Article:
Roscosmos, the Russian space agency, faced an untoward situation at the International Space Station last week when a space capsule that was supposed to take cosmonauts on a spacewalk started dysfunctioning. The space organisation clarified on Monday that a leak occurred in the space capsule’s coolant, but it does not require the evacuation of its crew members. The agency noted that it could launch a replacement capsule if necessary.
The Soyuz MS-22A capsule is also scheduled to crew members on ISS to Earth. After the liquid leak incident, the panel of experts will meet later this month to determine the future of the Soyuz MS-22. The next scheduled launch of the Soyuz is in March, but can be cancelled if required, the Indian Express reported.
The incident occurred as two Russian astronauts were preparing to perform a spacewalk outside the station. After monitoring the situation through a live video feed, mission control aborted the spacewalk.
NASA and Roscosmos stated that the incident didn’t pose a threat to the station’s crew members. The space agency noted that the leak might have been triggered by a piece of space junk or a micrometeorite. According to Roscosmos, the temperature of the vessel’s crew compartment increased to 30 degrees Celsius.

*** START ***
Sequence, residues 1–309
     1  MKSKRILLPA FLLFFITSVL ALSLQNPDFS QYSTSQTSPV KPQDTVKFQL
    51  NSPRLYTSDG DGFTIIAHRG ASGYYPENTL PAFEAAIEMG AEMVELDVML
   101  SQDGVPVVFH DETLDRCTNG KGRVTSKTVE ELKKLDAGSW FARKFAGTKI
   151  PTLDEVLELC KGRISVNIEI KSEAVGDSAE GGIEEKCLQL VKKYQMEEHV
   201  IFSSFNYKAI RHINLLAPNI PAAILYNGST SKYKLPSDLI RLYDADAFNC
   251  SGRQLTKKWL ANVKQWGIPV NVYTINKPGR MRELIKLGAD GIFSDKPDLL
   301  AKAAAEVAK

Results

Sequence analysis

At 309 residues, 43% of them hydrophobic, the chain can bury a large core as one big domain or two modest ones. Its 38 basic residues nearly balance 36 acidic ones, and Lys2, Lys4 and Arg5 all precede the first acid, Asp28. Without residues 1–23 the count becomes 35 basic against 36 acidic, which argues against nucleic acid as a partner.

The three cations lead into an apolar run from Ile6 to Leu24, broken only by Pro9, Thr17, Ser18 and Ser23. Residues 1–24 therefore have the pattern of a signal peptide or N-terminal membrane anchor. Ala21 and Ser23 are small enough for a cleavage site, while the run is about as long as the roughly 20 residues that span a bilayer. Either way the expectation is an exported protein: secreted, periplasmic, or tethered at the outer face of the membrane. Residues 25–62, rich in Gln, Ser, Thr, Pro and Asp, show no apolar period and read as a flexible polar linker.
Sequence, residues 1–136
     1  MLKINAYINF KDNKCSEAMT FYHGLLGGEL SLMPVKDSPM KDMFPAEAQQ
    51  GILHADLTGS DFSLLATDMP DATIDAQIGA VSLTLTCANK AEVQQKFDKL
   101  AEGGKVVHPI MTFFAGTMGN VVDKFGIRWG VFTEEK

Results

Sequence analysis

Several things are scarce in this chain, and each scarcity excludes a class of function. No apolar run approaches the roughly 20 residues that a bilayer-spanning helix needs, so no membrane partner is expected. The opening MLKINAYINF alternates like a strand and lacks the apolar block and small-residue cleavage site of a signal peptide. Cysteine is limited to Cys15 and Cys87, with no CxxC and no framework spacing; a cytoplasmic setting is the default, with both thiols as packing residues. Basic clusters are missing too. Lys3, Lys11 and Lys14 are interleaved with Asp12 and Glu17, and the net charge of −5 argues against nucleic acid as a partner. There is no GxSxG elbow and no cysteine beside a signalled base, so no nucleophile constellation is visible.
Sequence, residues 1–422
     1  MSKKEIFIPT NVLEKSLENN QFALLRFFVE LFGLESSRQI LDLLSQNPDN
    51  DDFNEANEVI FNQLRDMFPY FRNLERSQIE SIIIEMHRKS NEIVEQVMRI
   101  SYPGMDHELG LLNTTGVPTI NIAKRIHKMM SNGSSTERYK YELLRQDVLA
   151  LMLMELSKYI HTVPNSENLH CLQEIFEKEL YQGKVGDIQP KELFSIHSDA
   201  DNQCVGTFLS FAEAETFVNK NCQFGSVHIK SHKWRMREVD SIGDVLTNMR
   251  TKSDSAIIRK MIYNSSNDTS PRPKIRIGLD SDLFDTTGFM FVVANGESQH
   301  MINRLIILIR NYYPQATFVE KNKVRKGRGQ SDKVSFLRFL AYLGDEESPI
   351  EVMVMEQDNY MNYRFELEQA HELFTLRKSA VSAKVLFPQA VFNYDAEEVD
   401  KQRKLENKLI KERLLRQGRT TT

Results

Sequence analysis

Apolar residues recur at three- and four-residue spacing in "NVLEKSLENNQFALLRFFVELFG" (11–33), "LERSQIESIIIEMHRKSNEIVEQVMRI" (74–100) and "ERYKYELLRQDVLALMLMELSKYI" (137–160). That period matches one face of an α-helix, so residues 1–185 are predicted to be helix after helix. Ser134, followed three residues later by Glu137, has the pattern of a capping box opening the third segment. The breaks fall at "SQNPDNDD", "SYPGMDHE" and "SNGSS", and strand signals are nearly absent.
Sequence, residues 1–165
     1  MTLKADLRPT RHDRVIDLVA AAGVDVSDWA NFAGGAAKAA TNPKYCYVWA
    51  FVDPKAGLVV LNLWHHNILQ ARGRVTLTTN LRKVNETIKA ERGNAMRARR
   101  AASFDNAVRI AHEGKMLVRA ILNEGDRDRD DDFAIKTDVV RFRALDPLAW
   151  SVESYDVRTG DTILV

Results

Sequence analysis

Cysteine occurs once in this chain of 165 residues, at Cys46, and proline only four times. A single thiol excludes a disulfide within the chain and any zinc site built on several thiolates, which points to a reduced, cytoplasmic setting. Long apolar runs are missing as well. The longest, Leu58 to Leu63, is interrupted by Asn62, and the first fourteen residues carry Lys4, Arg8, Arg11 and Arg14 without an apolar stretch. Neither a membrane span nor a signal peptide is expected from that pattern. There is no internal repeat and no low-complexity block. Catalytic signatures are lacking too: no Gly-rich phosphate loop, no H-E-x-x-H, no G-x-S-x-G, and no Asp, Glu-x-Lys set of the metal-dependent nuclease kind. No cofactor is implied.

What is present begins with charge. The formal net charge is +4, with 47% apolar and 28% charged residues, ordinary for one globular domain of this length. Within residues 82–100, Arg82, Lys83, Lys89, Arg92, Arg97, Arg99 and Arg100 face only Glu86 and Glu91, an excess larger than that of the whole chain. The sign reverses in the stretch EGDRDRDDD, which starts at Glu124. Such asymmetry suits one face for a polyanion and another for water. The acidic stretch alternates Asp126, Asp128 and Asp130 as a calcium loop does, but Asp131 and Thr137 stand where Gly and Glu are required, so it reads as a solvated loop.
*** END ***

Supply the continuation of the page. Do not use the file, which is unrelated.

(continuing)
The temperature inside the equipment section of the capsule started to decrease from 40 after ground experts turned on some of its systems, Roscosmos noted.
The astronauts in the Russian segment of the Soyuz MS-22 used ventilators to cool the cockpit to bring it down to comfortable levels. The space agency noted that the increase in the temperature was not considered a critical issue and did not affect the functioning of the vessel’s equipment. It also said that the ship’s control system did not experience any issues.
The next-generation Soyuz spacecraft, which is known as the MS-23, has undergone various tests in preparation for a launch. If the situation is resolved, the vessel could be used to carry out a scheduled return mission, according to Roscosmos director Yury Borisov.
The agency has also prepared contingency plans if the situation requires a change in the crew members. Currently, the station’s crew members are Russian Sergey Prokopyev, NASA’s Josh Cassada, Japan’s Koichi Wakata, and Roscosmos’ Anna Kikina.